Pain, tingling or numbness running down the buttock, hip and thigh is called sciatica. The pressure of the pregnant uterus on the sciatic nerve can cause sciatica. Two sciatic nerves run from your lower back down your legs to your feet. Sciatic nerve pain during pregnancy is usually not a cause for concern. However, you should still tell your doctor about it because there are other, more rare causes of sciatica that could be more serious. When your baby changes position closer to the time of delivery, sciatic pain is likely to ease. Warm baths, a heating pad and sleeping on the opposite side may help until then.

Vaginal pain
Some women occasionally feel a sharp, stabbing pain inside the vagina during late pregnancy. This is probably linked to the cervix starting to dilate, which can happen weeks, days or hours before labor begins. It is usually nothing to be concerned about, but tell your doctor if it causes a great deal of discomfort. Any severe pain in the lower abdomen or associated vaginal bleeding should be reported to your doctor right away.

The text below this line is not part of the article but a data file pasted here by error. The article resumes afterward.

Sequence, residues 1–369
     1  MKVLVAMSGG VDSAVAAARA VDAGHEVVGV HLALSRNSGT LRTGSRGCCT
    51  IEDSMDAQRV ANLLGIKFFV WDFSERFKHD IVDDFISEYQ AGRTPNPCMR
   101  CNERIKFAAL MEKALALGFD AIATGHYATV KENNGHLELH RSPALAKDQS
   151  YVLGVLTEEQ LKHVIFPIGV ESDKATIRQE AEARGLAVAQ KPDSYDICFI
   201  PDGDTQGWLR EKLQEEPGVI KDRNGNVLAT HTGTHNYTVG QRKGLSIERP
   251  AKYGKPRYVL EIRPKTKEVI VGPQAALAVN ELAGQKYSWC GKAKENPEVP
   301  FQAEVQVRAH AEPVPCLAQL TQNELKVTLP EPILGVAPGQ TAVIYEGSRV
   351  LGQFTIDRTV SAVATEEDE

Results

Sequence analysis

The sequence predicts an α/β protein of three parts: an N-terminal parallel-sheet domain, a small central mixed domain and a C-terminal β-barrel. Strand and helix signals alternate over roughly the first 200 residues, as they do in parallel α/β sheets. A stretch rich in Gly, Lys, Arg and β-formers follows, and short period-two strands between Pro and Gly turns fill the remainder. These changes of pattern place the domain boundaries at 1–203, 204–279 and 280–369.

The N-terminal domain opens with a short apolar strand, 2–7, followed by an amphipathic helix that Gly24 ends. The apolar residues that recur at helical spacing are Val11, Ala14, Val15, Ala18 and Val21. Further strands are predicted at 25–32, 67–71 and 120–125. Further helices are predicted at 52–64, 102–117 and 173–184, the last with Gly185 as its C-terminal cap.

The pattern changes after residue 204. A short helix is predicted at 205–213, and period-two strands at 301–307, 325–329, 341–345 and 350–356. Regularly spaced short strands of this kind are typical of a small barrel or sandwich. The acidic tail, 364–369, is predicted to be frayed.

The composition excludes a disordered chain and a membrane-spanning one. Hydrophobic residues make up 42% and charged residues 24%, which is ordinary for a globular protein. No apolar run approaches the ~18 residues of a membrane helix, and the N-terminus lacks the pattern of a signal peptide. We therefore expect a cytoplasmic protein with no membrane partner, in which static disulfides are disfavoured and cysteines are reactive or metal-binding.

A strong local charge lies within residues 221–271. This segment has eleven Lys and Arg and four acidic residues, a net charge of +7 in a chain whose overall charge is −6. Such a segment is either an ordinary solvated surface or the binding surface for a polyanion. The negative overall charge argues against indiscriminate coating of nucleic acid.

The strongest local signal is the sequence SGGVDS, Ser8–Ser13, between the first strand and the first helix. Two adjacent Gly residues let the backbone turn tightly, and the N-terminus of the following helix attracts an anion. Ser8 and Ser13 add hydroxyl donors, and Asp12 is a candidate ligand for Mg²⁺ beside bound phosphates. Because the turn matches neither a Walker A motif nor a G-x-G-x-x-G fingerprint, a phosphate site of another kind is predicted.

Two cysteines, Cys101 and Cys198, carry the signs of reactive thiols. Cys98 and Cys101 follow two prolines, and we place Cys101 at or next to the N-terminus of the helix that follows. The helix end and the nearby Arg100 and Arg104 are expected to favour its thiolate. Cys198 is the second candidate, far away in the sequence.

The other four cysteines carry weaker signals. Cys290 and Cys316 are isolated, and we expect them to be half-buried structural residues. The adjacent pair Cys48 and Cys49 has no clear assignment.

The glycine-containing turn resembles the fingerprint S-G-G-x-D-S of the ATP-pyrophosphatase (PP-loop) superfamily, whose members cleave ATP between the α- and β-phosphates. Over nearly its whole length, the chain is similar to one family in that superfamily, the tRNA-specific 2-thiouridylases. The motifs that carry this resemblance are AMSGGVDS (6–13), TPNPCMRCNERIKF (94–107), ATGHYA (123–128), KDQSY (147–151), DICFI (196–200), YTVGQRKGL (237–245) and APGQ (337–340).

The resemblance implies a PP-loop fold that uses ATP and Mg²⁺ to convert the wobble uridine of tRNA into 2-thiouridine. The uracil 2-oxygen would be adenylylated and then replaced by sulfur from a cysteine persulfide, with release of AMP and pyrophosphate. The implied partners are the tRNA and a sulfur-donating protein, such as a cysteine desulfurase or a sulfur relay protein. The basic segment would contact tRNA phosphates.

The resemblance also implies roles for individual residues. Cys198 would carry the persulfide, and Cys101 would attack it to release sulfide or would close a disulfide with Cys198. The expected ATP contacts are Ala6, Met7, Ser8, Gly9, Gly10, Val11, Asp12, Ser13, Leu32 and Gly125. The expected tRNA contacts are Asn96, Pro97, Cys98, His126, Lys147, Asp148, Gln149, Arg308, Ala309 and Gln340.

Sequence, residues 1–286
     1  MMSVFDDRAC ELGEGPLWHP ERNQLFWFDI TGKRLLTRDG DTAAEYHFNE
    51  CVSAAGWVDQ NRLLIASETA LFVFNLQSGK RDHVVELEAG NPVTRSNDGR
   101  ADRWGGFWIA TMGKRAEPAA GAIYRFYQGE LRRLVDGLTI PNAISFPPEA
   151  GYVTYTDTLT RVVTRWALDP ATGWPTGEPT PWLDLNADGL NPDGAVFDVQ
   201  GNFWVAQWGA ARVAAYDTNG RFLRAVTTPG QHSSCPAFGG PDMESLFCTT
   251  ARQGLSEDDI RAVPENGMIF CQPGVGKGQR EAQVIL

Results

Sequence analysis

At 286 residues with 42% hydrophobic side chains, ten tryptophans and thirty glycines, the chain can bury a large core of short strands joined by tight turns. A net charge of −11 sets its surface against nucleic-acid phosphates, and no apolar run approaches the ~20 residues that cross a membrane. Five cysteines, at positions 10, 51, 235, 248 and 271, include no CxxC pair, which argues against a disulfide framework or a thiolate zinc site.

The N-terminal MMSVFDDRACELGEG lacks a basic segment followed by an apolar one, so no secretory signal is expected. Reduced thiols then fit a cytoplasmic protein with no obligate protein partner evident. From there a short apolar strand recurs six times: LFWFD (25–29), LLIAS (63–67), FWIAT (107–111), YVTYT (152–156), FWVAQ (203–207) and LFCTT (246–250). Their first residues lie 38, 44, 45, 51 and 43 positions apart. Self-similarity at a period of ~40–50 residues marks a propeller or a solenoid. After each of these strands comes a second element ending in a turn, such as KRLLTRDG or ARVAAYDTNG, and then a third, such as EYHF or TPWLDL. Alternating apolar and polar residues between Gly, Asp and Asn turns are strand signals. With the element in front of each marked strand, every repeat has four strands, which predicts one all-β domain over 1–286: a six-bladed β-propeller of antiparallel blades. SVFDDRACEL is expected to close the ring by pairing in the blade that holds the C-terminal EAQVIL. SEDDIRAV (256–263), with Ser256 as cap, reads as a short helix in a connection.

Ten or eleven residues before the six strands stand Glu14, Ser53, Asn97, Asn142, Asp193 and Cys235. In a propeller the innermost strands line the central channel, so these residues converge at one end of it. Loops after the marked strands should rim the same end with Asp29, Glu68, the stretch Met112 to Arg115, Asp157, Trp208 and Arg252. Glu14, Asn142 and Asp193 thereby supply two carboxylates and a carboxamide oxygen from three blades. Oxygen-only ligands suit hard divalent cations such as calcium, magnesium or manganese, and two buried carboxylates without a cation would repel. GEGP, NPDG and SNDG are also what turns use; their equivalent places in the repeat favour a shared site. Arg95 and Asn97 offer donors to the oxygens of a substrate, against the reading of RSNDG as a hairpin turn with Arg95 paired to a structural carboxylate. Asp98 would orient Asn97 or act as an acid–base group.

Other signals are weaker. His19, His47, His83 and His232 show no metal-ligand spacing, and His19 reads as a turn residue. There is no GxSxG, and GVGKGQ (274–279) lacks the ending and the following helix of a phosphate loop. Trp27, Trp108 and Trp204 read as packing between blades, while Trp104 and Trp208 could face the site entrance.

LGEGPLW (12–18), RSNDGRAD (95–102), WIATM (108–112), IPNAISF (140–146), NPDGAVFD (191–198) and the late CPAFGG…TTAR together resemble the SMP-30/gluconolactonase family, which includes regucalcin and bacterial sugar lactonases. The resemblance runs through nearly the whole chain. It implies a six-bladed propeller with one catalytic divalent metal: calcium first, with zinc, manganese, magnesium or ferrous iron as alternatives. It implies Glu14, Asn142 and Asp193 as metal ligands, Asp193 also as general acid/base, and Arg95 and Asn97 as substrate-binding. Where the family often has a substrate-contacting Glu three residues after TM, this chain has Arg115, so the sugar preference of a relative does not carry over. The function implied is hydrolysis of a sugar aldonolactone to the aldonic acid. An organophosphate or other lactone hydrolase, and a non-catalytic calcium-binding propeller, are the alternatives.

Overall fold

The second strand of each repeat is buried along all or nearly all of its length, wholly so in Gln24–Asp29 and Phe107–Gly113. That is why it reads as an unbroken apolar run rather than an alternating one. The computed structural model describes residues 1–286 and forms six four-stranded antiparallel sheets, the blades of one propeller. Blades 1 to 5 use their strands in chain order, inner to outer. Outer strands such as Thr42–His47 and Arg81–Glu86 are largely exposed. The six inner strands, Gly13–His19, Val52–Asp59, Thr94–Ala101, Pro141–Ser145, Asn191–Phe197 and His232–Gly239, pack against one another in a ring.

Sleeping Problems
As you get closer to delivery, you may find it more difficult to sleep through the night. There could be several reasons for this. One is the size of your abdomen, which may make it seem impossible for you to find a comfortable position. Another is the natural anticipation, or even anxiety, which you may be feeling about your baby’s arrival. Insomnia can be troublesome for you, but there is no need to worry about it harming your baby.

As is the case during the second trimester, the best position for sleeping in late pregnancy is on your side, with your legs and knees bent. Lying on your side is better than on your back because it takes pressure off the large vein that carries blood from your legs and feet back to your heart. The side position is also good for taking pressure off your lower back.